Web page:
As I am writing this, the stock market is about to open for trading having lost 40 percent of its value since an all-time high set just one year ago. One has to ask, was the market that good a year ago, and is it really this bad today?
The answer to both is decidedly "no."
Like all things that hinge on human emotions, the rise and fall of stock prices, real estate prices, commodity prices and consumer products can increase and decrease in value based solely on lust. When something has a perceived value greater than what we currently own, we want it - we lust for it.
This emotion, when used with discipline, is a good thing. When undisciplined and driven by greed, it is a very bad thing.
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My feeling is that we all became undisciplined. We didn't check under the hood and see how this engine works. We took the word of our leaders that an unregulated market was the best way forward. We listened to the credit companies that said tax-advantaged home equity loans - whether we could afford them or not - were a great way to pay off credit card debt. We listened to mortgage brokers and appraisers who said our home values were actually appreciating 10 percent a year. We listened to mutual funds managers who promised ridiculously high returns.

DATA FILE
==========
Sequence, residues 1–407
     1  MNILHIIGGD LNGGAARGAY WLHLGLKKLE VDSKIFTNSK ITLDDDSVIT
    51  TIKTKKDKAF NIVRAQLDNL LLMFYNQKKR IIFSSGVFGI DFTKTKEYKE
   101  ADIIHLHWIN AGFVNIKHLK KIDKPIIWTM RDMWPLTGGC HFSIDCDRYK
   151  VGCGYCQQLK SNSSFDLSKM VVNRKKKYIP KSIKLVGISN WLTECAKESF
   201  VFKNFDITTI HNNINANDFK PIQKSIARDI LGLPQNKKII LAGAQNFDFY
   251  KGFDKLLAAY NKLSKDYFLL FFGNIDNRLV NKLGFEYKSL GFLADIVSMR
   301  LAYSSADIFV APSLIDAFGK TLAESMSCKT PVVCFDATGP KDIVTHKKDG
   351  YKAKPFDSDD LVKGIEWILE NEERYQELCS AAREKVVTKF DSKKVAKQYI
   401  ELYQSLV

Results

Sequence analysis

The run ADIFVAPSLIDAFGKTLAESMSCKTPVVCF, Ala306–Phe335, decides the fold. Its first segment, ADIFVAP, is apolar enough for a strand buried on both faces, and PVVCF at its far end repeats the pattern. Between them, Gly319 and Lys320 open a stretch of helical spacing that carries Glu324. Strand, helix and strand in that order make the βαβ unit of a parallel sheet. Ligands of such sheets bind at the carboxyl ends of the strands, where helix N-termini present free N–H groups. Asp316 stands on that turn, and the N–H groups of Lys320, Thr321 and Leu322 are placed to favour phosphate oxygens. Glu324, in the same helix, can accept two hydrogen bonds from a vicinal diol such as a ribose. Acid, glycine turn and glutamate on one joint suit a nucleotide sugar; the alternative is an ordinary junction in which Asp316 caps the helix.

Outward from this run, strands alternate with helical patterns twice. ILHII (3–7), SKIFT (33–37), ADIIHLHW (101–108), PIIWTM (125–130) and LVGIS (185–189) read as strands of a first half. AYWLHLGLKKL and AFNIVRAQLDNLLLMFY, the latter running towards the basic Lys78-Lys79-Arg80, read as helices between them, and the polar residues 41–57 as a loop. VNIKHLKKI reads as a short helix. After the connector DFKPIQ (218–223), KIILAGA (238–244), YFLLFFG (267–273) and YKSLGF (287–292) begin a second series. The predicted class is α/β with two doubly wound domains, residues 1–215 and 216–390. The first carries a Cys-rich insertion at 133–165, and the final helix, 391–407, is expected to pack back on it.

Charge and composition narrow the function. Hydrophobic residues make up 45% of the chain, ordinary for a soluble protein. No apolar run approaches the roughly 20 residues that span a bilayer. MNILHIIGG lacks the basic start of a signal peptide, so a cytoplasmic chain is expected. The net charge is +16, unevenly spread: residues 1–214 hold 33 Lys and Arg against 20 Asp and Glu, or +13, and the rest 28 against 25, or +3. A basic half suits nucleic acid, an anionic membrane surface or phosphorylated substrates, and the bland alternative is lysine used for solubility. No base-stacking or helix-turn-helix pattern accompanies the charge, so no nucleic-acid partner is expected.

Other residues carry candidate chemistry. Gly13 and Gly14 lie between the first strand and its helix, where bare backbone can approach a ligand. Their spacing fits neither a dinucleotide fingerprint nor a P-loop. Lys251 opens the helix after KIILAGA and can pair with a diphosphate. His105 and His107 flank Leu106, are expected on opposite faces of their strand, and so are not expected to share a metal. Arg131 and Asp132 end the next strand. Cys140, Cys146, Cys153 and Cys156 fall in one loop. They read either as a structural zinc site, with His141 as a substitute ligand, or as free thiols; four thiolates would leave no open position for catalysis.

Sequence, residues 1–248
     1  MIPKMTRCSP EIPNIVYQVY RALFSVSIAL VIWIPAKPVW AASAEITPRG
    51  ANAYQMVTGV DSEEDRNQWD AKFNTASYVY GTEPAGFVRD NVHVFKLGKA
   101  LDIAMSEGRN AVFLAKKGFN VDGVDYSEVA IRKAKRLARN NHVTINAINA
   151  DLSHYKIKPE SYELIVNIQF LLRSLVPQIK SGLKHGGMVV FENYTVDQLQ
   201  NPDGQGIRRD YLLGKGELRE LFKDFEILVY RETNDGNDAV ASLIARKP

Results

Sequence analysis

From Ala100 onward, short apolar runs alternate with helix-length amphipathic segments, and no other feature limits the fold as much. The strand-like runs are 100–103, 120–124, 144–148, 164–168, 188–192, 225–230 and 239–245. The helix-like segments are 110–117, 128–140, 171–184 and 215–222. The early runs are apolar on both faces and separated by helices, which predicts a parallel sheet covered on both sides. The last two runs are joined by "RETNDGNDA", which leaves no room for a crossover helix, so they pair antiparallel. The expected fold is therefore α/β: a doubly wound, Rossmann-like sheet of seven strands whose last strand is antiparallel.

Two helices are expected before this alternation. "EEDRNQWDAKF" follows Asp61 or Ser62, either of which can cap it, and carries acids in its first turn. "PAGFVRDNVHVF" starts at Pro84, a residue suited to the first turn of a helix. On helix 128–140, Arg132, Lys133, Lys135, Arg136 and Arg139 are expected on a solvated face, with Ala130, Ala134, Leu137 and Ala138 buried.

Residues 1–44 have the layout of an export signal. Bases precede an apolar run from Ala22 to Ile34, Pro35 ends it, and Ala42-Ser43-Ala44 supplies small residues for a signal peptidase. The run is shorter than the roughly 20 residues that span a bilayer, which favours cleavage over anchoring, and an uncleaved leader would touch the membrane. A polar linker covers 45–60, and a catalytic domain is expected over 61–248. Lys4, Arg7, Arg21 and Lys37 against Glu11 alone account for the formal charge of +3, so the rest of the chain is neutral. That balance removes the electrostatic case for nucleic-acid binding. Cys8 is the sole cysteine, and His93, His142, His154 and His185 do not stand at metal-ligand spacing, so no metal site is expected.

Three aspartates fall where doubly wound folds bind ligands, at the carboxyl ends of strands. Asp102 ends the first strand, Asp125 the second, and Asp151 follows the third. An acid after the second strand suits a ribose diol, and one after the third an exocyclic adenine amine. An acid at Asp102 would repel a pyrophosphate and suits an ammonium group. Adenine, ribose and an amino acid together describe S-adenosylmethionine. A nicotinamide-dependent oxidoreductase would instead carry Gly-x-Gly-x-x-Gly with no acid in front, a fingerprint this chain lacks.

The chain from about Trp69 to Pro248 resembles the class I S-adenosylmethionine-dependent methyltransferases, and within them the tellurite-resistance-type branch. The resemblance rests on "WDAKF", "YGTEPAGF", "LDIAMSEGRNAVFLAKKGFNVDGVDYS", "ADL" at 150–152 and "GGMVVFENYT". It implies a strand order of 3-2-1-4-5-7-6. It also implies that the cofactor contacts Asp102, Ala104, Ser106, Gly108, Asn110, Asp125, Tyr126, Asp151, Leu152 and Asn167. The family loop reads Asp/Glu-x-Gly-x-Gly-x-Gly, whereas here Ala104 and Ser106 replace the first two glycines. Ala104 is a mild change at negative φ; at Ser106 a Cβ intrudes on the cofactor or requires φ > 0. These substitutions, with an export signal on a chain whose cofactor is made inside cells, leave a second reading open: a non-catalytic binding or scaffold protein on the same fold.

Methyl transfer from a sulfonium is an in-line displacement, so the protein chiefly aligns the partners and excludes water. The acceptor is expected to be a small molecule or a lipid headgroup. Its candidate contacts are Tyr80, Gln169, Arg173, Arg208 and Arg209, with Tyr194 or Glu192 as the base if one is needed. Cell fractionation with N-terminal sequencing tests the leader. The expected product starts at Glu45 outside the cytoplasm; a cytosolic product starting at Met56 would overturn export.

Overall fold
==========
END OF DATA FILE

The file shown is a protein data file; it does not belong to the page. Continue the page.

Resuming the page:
We listened because we lusted. It's just like that old adage: "If something sounds too good to be true, it probably is."
The problem is, when our dreams and desires are unmet and unmet with the degree of revelation that is now surfacing out of these unrealistic promises, we turn greed into fear and panic. The markets are down because we are selling when we should be holding and buying. Last week alone we lost $17 trillion in equities. Based on what? Fear.
After that terrible day of Sept. 11, 2001, the president went on the air and encouraged us to go shopping. What a crazy thing to say, but that is exactly what we need to do now - shop. There are bargains out there and we should be bullish and go and grab them: on the stock market and at the corner market.